2010-12-28

Let's Code Dimdwarf #28: Test the Test

Earlier we had implemented a feature, but the test had a bug. Now that the test has been fixed, there is a temptation to continue when we see it pass, but that would be dangerous. It's better to revert the implementation and see the fixed test fail, to make sure that the test is working.

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2010-12-23

Let's Code Dimdwarf #27: Extracting ClientRunner

To be able to write a unit tests for connecting multiple clients, a helper class needs to be extracted from the existing test code.

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Episode Archive

2010-12-22

Let's Code Dimdwarf #26: Avoid Rushing

The temptation to make the end-to-end test pass is high, but it's better to slow down and first write some unit tests for the feature. Otherwise the unit test coverage, which is the basis for enabling refactoring, would not be complete. Maybe a rule of thumb would be: "If end-to-end tests fail, but unit tests pass, you need more unit tests."

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Episode Archive

2010-12-15

Let's Code Dimdwarf #25: Return to Sender

Something funny is happening. The messages from the network layer are being returned to sender. We also organize the packages a bit and proceed to the next step of the ongoing refactoring.

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2010-12-12

Let's Code Dimdwarf #24: Merging Classes for Higher Cohesion

When a responsibility of doing something is spread over many classes, it becomes harder to understand and modify. In such a situation the responsibilities should be moved or classes merged, so that all the handling of a responsibility is in one highly cohesive place.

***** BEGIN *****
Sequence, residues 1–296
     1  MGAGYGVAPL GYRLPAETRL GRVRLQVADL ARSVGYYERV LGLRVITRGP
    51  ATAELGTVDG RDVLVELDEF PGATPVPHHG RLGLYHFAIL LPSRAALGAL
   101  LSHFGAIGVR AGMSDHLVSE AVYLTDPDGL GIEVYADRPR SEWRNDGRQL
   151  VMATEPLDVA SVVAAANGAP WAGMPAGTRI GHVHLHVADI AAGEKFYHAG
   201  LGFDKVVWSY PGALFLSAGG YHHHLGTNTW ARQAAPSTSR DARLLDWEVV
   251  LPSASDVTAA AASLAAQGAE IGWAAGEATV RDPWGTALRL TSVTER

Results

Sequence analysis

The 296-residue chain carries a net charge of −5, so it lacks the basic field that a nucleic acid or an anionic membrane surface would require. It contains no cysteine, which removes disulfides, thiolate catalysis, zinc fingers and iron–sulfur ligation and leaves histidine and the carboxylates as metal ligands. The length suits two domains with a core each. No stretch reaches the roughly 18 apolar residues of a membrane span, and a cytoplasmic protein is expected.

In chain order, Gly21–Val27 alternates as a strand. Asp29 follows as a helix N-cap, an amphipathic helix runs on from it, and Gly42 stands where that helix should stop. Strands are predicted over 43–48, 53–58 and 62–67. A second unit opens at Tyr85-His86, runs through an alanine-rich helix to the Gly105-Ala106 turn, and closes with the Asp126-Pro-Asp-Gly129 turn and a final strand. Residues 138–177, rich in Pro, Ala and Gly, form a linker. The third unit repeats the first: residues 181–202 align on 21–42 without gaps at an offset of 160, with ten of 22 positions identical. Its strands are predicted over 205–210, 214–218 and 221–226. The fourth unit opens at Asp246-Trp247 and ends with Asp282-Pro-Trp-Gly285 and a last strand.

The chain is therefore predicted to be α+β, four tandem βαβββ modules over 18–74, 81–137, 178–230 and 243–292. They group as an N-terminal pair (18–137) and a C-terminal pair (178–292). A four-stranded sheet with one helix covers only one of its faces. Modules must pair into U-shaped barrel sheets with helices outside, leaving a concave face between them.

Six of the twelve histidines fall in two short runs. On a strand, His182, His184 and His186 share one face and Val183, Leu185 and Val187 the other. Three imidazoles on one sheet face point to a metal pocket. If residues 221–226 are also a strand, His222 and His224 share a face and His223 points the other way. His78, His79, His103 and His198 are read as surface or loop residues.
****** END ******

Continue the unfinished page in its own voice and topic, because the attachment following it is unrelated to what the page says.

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2010-12-10

Let's Code Dimdwarf #23: Refactoring Driven by End-to-End Tests

Between each step of our refactoring, all our unit tests pass, but the end-to-end tests don't. This situtation is possible when the components and their unit tests are so well decoupled (due to using message passing) that changing one component does not affect other components - until they are plugged together. We use the end-to-end tests to drive the refactoring, by fixing components in the order that they fail, until the refactoring has been done to all of them.

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2010-12-08

Let's Code Dimdwarf #22: Preparatory Refactoring

This episode starts a new arc - implementing support for more than one concurrent client. First we need a reproducable, failing end-to-end test. Also before being able to add support for multiple clients, some preparatory refactoring1 is needed: wrap the messages from clients into a class, to which we can then easily add a client session handle.

1 The word prefactoring has already another meaning, so maybe this is "pre-refactoring"? Do you have better ideas for a word?

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Episode Archive

2010-11-28

Let's Code Text Adventure #7-9 (end)

Here are the final episodes of Let's Code Text Adventure, where the code is refactored to be what the code wants its design to be. I clean up some primitive obsession smells and move some functionality to where it belongs.

Source Code: github.com/orfjackal/text-adventure

Download as MP4: Ep 7, Ep 8, Ep 9

Episode Archive

Refactoring

2010-11-27

Let's Code Dimdwarf #21: Ambiguity Paid Off

The ambiguity left remaining in episode 16 has now been cleared. This ends the current undertaking and in the next episode will begin the work on supporting more than one client.

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2010-11-15

Let's Code Text Adventure #1-6

Here is a mini series of developing a new application. It's a text adventure game based on a homework assignment near the end of one introductory programming course.

The homework assignment said that from the students it usually takes 10-15 hours to make this application - and even then a framework for the UI, input handling and game loop was already provided (which I didn't have nor want). I was at that level 10 years ago, back in 2000, and I think that by now I have learned programming. ;)